Friday, March 30, 2007
Mona Charen: Permission to Celebrate Jamestown?
A replica of the 17th century sailing ship Godspeed, sails into New York harbor as part of America's 400th anniversary, June 26, 2006. The ship is similar to the one which landed in Jamestown, Virginia, bringing some of the earliest settlers to what would become the United States. REUTERS/Chip East (USA)
Friday, March 30, 2007
The Far East has its Mecca, Palestine its Jerusalem, France its Lourdes, and Italy its Loreto, but America's only shrines are her altars of patriotism -- the first and most potent being Jamestown; the sire of Virginia, and Virginia the mother of this great Republic. -- From a 1907 Virginia guidebook
The quadricentennial of the Jamestown settlement will be noted this spring. Whether it will be celebrated is a freighted question. Virginia has gone to some expense and effort remembering the founding settlers of 1607. Former Supreme Court Justice Sandra Day O'Connor is serving as honorary chair of what is being called "America's 400th Birthday." There will be musical performances, lectures and seminars. The Queen of England will visit on May 4 and 5.
But emblematic of our troubled understanding of our past and our present discomfort with our national identity, the powers that be in Virginia have decided not to refer to these and other observations as "celebrations." Instead, they will be called commemorations. "You can't celebrate an invasion," declared Mary Wade, a member of the Jamestown 2007 organizing committee. The native people were "pushed back off of their land, even killed. Whole tribes were annihilated. A lot of people carry that oral history with them, and that's why they use the word 'invasion' . . ."
Virginia is expecting many visitors to the reconstructed Jamestown settlement -- and it is worth the trip. We've taken the children a couple of times. But the timid, apologetic tone of some of the exhibitions detracts from the experience. As Edward Rothstein reported in The New York Times, "The Indians, we read, were 'in harmony with the land that sustained them' and formed an 'advanced, complex society of families and tribes.'"
Rothstein continues: "English society -- the society that gave us the King James Bible and Shakespeare . . . is described as offering 'limited opportunity' in which a 'small elite' were landowners." England, they tell us, suffered from social dislocation, unemployment, difficult working conditions, and so forth. The exhibit goes on to suggest that Virginia's history evolved out of the "interaction" of three different cultures: British, Native American and African.
This sort of hokum has become de rigueur at American museums. By all means, let's be honest about American history and admit that American Indians were often mistreated (broken treaties, displacement, murder). The Trail of Tears deserved its name. But the description of Powhatan culture as "advanced" is ridiculous. When the two cultures met, one was hundreds of years more advanced than the other. If the Powhatans had been further along, they would have prevailed. They certainly didn't lack the will.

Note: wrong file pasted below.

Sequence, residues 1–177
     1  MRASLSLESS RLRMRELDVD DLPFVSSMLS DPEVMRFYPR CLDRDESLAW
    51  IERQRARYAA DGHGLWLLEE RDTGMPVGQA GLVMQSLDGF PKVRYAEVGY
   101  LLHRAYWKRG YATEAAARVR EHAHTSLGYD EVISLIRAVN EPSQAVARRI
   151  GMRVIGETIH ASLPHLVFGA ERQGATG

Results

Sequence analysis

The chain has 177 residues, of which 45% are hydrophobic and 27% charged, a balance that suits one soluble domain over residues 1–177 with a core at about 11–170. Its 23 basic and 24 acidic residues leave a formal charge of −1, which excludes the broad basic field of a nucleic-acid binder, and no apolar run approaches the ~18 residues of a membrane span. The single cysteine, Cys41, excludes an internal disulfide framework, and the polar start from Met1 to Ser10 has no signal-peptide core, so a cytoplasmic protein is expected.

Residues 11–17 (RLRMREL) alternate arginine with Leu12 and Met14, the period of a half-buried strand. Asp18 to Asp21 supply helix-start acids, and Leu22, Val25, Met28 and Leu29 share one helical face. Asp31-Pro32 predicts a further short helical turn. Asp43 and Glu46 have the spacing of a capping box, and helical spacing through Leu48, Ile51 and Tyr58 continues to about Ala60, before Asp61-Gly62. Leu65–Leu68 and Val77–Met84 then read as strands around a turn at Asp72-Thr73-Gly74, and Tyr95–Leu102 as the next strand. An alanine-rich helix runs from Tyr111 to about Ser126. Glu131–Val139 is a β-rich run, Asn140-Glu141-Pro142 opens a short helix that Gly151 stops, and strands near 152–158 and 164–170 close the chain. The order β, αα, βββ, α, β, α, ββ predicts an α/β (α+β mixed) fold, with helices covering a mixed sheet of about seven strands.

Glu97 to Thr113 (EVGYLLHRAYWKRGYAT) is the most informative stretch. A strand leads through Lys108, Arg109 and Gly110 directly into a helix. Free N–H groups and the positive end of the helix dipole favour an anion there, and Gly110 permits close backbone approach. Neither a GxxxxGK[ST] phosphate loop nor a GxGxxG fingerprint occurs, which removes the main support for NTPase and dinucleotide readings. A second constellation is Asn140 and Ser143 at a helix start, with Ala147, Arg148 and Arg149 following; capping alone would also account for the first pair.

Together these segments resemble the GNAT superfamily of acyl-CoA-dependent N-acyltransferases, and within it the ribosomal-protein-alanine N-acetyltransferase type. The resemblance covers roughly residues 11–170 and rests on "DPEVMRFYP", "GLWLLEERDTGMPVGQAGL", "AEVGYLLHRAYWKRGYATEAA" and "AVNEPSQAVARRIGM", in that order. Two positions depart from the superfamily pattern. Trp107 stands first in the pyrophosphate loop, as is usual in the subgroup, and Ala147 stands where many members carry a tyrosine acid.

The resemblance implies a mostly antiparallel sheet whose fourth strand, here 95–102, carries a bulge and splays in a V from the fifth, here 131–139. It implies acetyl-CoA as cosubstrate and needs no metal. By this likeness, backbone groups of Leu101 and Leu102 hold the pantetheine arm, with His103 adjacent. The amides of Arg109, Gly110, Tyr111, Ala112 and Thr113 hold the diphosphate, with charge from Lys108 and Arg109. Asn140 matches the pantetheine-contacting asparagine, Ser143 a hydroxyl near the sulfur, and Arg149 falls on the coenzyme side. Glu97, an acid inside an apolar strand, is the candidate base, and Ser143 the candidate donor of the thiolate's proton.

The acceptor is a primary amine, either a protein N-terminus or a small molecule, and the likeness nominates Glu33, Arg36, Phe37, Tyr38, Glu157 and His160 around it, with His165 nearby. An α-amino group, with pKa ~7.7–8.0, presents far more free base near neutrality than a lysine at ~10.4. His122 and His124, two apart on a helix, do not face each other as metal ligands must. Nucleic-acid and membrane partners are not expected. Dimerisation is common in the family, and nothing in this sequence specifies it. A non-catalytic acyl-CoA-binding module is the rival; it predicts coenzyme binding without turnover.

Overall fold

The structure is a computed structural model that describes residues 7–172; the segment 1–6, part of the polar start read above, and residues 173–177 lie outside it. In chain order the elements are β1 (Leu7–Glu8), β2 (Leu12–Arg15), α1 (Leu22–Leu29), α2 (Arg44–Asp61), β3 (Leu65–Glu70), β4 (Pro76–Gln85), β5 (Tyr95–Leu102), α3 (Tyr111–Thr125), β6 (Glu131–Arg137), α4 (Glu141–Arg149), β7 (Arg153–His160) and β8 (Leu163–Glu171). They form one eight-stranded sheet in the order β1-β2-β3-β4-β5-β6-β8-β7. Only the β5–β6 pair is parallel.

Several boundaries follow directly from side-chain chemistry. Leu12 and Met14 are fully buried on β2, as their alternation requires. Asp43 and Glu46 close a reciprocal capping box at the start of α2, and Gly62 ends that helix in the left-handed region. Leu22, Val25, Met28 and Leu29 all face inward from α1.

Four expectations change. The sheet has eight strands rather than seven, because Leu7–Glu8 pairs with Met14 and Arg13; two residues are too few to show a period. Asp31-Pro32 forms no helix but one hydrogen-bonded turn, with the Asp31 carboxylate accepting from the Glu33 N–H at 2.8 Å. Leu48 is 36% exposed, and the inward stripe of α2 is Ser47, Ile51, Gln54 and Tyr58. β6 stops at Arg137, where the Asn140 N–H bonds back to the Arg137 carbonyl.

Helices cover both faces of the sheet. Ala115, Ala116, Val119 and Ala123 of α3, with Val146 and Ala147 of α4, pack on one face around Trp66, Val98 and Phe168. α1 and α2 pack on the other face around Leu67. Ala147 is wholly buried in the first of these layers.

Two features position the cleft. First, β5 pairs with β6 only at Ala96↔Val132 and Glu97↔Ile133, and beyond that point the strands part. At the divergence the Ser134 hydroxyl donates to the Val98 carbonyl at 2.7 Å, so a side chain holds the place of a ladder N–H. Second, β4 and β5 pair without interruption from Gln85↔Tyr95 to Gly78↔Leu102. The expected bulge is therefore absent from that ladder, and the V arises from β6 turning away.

One of the early setbacks (1622) for the British Jamestown settlers was a fierce Indian attack that killed 400 men, women and children. And though the exhibit does mention this elsewhere, it is worth remembering what should be too obvious to require restatement -- that precolonial America was no idyll. Indian tribes were in more or less constant warfare with one another -- just like humans in the rest of the world.
Some black leaders have objected to celebrating Jamestown's founding because it led to black slavery. It is perhaps worth recalling that Captain John Smith, a figure who gets less attention at the new Jamestown observance than Powhatan rulers Wahunsonacock and Opechancanough and African Queen Njinga, was once a slave himself. Fighting in Transylvania in 1602, he was captured by the Turks and enslaved. Through scheming and murder, Smith was able to escape back to England in 1605 and departed for Virginia soon after. His firm hand permitted the tiny outpost to survive. He memorably explained to the settlers that "He who does not work will not eat." And, as every schoolchild used to know, he believed that Pocahontas saved his life when her father captured him.
Black slavery was actually still several decades in the future when Jamestown was founded. And while neither Virginia's nor America's history can be unchained from the taint of slavery, can't we be mature about this? Keith Richburg, foreign correspondent for The Washington Post, was stationed in Africa in the early 1990s. What he saw there -- rampant corruption, casual cruelty on the streets of Nairobi, civil war in Somalia and genocide in Rwanda -- made him express gratitude that his ancestors had been dragged to the New World, the horrors of slavery notwithstanding.
There is every reason to celebrate the 400th birthday of America -- for warts and all -- there never has been a better country for all its citizens.
Mona Charen is a syndicated columnist, political analyst and author of Do-Gooders: How Liberals Hurt Those They Claim to Help.